“Ikea has committed to spending €1bn on renewable energy and sustainable manufacturing, rivalling the efforts of some developed countries to fighting climate change. ”
Meanwhile, back in Plum Nelly, USA
I received one comment on the European Discovery Day article that I did not publish. It would have confirmed what many Scandinavians think of Americans.
“Stop writing about those Commies in Sweden and get back to what you are supposed to be writing on. Everyone knows that because they have socialized medicine – AKA Obamacare – they are always depressed, unhealthy and have the highest suicide rate in the world.”
Actually, the Scandinavian countries have much lower suicide rates than most of the countries in Europe and all of the countries in North America. The United States now has one of the highest teenage suicide rates in the world. Scandinavians are much healthier and live longer than Americans. Their national healthcare systems cost about 1/3 less per capita than in the United States, even though Scandinavian per capita income is much higher.
The Swedish suicide myth was created in the 1944 U.S. presidential campaign. Franklin Roosevelt stated that he wanted to make all college education free and adopt a healthcare system like Sweden’s after World War II ended. His opponent, Thomas Dewey, had a hissy fit on that one. Soon, so many newspaper political ads stated that Sweden had the highest suicide rate in the world that everyone thought it was true.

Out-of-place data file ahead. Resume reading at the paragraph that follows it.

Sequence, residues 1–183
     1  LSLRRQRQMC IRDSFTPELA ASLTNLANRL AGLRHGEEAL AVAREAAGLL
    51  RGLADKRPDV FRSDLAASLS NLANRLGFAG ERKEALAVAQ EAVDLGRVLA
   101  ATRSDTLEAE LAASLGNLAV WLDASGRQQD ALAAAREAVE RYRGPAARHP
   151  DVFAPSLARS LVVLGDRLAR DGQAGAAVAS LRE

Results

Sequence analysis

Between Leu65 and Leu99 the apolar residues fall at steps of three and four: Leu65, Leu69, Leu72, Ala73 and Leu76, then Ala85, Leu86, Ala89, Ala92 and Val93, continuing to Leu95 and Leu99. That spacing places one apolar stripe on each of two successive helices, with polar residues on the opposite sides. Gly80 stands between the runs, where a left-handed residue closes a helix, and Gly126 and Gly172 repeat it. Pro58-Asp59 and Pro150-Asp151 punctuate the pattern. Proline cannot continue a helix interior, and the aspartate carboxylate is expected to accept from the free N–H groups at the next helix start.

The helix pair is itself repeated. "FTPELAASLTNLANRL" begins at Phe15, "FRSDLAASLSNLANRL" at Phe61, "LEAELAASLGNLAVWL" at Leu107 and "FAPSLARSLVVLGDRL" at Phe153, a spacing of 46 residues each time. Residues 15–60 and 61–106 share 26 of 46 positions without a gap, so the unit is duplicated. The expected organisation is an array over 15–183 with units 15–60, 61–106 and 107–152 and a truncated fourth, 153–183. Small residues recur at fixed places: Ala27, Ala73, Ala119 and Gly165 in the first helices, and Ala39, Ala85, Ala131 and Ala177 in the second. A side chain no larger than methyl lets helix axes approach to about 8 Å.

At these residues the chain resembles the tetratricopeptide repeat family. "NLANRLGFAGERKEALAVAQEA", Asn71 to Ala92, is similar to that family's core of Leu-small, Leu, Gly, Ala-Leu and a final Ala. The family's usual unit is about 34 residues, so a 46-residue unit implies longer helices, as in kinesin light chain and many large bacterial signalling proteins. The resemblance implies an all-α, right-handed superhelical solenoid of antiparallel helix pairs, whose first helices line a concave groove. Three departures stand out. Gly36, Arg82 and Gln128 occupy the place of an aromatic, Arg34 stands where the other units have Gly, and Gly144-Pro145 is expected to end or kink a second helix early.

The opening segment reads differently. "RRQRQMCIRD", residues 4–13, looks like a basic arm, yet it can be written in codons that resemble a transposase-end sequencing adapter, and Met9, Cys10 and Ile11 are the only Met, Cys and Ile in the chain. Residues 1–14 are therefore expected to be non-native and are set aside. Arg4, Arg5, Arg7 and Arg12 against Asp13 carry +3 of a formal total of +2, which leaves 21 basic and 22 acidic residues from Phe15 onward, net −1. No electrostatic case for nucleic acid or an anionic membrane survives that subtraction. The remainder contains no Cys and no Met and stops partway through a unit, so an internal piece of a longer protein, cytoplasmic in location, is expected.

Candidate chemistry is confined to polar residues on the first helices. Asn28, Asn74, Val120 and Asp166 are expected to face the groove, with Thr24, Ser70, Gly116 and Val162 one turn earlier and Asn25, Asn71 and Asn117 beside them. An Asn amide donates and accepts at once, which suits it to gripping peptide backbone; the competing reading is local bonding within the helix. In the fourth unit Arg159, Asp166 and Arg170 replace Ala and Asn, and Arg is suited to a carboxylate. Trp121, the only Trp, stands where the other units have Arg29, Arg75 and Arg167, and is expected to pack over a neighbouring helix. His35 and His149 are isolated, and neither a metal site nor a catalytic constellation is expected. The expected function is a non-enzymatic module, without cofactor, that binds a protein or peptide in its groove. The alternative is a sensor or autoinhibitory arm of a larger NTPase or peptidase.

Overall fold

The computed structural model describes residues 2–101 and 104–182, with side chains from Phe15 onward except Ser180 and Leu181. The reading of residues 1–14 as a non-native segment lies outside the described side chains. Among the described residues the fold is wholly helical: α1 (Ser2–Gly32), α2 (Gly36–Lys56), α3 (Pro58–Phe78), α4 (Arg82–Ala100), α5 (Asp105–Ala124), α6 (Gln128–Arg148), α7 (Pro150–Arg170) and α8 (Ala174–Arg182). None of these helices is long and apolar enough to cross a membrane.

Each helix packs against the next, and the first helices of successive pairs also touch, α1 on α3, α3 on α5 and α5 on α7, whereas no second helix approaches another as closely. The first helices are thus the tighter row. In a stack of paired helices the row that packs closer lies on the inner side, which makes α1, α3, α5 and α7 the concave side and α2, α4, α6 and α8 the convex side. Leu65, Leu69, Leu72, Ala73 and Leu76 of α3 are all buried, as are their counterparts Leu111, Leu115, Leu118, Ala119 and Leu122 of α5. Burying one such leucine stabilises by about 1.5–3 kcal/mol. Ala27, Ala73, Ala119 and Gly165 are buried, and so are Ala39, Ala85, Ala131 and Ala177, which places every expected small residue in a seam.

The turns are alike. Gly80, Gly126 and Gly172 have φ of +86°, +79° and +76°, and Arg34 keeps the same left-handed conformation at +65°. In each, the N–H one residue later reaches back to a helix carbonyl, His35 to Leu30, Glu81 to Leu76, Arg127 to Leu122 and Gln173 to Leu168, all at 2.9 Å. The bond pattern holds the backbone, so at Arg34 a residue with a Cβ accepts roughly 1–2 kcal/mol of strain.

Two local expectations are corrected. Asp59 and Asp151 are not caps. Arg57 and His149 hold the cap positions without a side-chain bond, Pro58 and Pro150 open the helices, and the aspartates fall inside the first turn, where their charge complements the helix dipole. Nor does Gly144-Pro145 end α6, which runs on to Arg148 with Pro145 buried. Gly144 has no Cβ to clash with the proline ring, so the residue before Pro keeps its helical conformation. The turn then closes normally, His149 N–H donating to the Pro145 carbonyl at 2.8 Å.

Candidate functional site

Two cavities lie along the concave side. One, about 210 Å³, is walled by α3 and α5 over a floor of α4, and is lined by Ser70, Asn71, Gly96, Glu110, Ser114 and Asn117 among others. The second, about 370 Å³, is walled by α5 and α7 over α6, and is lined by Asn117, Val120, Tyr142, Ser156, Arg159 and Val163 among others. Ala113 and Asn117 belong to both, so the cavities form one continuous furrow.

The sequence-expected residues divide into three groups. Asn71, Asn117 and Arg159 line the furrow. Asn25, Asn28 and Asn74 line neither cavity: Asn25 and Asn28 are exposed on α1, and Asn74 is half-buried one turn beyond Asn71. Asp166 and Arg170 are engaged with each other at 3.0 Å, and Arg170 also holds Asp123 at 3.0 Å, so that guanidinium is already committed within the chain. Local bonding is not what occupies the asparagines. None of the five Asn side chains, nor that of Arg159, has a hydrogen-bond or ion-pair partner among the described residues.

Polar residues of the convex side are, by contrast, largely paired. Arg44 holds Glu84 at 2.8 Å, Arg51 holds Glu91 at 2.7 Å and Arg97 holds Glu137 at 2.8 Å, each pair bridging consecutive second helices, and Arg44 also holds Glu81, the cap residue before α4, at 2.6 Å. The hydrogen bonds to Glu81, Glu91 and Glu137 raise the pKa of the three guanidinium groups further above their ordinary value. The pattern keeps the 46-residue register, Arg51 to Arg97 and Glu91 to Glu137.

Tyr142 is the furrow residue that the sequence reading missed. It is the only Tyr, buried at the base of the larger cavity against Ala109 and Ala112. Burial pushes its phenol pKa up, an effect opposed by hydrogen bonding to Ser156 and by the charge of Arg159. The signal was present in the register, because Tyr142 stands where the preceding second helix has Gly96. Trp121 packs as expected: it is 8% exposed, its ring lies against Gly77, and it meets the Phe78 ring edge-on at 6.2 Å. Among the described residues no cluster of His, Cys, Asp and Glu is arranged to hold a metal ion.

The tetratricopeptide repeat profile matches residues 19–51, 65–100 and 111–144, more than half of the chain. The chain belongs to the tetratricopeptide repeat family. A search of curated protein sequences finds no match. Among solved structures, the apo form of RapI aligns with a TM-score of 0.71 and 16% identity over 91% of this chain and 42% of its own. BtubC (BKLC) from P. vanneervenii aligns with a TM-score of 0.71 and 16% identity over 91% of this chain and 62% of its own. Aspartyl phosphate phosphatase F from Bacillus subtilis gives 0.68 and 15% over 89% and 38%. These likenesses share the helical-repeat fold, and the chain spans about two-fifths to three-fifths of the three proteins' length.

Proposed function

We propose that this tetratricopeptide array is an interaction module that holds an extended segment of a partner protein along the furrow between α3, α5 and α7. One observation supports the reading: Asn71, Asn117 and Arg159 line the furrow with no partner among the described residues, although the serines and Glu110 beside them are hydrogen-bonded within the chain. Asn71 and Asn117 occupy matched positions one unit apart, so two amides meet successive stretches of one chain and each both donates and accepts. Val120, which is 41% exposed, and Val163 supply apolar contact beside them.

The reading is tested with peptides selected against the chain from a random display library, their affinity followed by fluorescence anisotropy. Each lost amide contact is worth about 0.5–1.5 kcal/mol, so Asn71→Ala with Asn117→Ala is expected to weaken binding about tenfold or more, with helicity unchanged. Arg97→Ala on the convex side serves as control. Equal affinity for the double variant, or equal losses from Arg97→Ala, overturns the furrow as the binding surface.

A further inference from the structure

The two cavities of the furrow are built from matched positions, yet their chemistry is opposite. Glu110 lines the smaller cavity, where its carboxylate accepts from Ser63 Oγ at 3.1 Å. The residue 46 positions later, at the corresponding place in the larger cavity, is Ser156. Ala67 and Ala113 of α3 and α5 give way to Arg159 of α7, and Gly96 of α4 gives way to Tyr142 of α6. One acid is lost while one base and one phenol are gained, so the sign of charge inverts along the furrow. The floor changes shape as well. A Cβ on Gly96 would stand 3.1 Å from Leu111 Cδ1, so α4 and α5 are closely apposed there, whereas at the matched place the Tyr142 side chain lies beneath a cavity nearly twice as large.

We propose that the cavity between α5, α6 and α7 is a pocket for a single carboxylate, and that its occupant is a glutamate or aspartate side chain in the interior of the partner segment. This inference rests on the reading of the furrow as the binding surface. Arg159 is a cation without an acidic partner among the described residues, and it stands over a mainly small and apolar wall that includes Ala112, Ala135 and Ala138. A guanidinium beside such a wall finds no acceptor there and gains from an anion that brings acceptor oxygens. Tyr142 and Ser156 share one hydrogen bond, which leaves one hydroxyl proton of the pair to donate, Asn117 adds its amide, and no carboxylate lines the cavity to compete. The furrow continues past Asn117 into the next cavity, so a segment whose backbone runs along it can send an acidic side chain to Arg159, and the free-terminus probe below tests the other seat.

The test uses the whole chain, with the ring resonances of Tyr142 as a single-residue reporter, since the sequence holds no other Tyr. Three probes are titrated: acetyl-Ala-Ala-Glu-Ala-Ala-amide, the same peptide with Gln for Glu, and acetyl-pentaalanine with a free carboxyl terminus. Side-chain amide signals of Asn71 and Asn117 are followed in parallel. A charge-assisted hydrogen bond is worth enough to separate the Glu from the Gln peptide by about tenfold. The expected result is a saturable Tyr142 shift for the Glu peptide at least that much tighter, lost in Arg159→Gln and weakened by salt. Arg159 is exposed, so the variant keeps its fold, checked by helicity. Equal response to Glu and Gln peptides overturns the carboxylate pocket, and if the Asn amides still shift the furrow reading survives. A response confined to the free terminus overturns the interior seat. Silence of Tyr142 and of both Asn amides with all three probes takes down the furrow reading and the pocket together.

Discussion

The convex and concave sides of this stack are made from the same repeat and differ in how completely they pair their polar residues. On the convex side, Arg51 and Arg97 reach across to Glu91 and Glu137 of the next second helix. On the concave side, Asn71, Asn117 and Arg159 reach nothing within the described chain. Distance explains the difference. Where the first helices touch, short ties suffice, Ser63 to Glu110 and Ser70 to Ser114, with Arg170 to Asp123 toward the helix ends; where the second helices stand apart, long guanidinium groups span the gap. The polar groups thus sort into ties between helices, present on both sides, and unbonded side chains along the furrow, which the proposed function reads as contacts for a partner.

Okay . . . I hope that the final comments will make some angry Vikings satisfied. We don’t want them raiding our coast during global warming. Well . . . maybe the female Vikings can make friendly visits.
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Richard Thornton is a professional architect, city planner, author and museum exhibit designer-builder. He is today considered one of the nation’s leading experts on the Southeastern Indians. However, that was not always the case. While at Georgia Tech Richard was the first winner of the Barrett Fellowship, which enabled him to study Mesoamerican architecture and culture in Mexico under the auspices of the Institutio Nacional de Antropoligia e Historia. Dr. Roman Piňa-Chan, the famous archaeologist and director of the Museo Nacional de Antropologia, was his fellowship coordinator. For decades afterward, he lectured at universities and professional societies around the Southeast on Mesoamerican architecture, while knowing very little about his own Creek heritage. Then he was hired to carry out projects for the Muscogee-Creek Nation in Oklahoma. The rest is history.Richard is the Tribal Historic Preservation Officer for the KVWETV (Coweta) Creek Tribe and a member of the Perdido Bay Creek Tribe. In 2009 he was the architect for Oklahoma’s Trail of Tears Memorial at Council Oak Park in Tulsa. He is the president of the Apalache Foundation, which is sponsoring research into the advanced indigenous societies of the Lower Southeast.